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Get Cooking With Herbs

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1Get Cooking With Herbs Empty Get Cooking With Herbs on 23rd December 2009, 2:14 pm

Get Cooking With Herbs

As you’re following the South Beach Diet, you’re most likely cooking more meals at home. If you want to add flavor without adding fat to some of your family favorites, try seasoning basic dishes with a variety of dried or fresh herbs. Use fresh or dried herbs for cooked fish, chicken, and meat dishes and for pasta dishes and salad dressings. You can also add fresh herbs to salads themselves and garnish cooked dishes with them.

Dried vs. Fresh Herbs

Dried herbs (store-bought or home-dried) should be kept in a cool, dry place and used within six months of purchase. After this time, they will rapidly begin to lose flavor and pungency.

Fresh herbs must be wrapped in damp paper towels and placed in a resealable plastic bag and refrigerated for three to seven days. Some varieties of fresh herbs, such as thyme and rosemary, last longer than others, such as basil and dill.

If you want to be a little more enterprising, try growing one or two herbs in small pots on a sunny windowsill. As long as you keep them trimmed and well watered, the fresh leaves will be there any time you need them.

Here’s how to incorporate some popular herbs and herb blends into your favorite meals:

Basil: Fresh basil is used whole, torn, or chopped in salads, egg dishes, and pastas. Dried basil is perfect for baked chicken or fish and in soups.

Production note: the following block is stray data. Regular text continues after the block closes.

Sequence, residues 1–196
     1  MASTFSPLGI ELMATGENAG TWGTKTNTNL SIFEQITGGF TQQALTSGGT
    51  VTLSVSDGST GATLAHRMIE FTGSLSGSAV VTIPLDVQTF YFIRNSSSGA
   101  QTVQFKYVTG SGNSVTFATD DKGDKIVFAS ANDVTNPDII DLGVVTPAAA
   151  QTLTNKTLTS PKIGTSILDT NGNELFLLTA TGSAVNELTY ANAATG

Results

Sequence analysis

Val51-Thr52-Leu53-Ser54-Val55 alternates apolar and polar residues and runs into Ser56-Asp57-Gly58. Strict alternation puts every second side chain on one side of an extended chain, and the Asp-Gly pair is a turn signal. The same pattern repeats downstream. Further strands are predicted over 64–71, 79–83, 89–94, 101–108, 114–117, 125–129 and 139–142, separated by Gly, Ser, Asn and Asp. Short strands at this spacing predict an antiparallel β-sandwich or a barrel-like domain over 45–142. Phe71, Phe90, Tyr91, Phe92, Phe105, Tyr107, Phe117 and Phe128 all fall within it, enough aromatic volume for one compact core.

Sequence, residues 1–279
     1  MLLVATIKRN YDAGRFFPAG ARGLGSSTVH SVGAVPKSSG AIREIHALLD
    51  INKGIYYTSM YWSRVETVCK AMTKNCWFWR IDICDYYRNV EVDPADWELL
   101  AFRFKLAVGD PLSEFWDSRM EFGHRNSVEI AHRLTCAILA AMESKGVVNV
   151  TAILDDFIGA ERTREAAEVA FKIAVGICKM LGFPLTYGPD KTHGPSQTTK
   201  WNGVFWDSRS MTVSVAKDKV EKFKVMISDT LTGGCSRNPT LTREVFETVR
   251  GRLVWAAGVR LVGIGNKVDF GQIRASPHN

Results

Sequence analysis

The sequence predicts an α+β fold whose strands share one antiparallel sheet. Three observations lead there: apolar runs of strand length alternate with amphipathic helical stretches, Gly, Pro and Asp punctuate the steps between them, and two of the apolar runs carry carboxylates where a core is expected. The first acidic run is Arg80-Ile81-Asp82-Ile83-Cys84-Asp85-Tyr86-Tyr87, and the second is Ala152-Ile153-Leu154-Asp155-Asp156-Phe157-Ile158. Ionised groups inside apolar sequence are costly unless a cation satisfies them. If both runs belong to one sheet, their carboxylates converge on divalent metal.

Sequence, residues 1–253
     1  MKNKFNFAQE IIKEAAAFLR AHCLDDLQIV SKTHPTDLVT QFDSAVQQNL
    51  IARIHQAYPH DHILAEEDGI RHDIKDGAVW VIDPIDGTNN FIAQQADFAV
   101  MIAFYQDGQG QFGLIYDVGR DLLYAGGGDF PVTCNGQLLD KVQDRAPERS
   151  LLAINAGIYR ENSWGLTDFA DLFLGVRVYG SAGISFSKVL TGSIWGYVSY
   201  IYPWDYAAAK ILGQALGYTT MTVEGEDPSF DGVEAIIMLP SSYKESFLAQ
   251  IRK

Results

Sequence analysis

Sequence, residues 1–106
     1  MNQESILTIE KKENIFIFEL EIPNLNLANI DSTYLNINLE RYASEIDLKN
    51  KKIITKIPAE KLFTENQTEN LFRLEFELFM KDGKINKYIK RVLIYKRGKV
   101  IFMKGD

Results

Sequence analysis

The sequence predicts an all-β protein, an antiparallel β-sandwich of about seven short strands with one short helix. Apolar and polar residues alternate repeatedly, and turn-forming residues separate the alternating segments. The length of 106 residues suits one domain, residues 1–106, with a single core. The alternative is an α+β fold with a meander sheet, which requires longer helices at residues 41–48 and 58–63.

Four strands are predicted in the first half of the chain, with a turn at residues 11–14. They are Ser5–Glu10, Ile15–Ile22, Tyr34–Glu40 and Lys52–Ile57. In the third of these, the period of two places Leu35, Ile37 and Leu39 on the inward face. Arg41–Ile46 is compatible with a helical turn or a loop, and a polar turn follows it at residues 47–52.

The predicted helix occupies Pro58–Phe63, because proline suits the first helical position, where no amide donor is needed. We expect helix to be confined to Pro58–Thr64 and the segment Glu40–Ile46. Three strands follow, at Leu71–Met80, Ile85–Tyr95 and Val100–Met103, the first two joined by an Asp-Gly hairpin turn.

Chives: A relative of onions and leeks, chives have a mild onion-like flavor. Snip them with scissors or gently chop with a sharp knife, then try them in chicken salad or scrambled eggs.

Cilantro: This lively tasting herb is popular is Asia, the Caribbean, Mexico, and Latin America. Use it to make salsas, toss it into salads, or sprinkle it over baked chicken or fish.

Dill: Available both fresh and dried, dill is a great addition to salads and sauces, as well as to fish, chicken, meat, and vegetable dishes.
Herbs de Provence: Typically a mix of dried basil, fennel seed, lavender, marjoram, summer savory, rosemary, and thyme, this herb blend is found in the spice section of most supermarkets.

Marjoram: A member of the mint family, marjoram has a sweet, oregano-like flavor. It can be found dried in the spice section of the supermarket.
Mint: Most people think of mint as an herb used in desserts, but it is also terrific in soups and salads.

Oregano: A relative of mint, oregano is an aromatic herb commonly used in tomato-based soups and sauces, and for seasoning poultry, lamb, shrimp, or vegetable dishes.

Parsley: Fresh parsley makes a great garnish for cooked meats, chicken, and fish and is tasty in beans, pasta, and rice dishes. You’ll find it dried in Italian seasoning and other packaged herb mixes.

Rosemary: There’s nothing quite like the piney flavor of this wonderful herb, which is often used to flavor meats, fish, soups, stews, vegetables, sauces, and dressings.

Sage: This Mediterranean herb has a strong earthy flavor that is perfect for chicken, pork, ham, bean, and vegetable dishes.

Tarragon: Distinguished by its anise-like flavor, tarragon is a great addition to fish and vegetable dishes and sauces.

Thyme: Popular in French dishes, thyme has an assertive flavor that goes well with many foods, including tomato dishes and vegetable soups, as well as meats, poultry, and fish.

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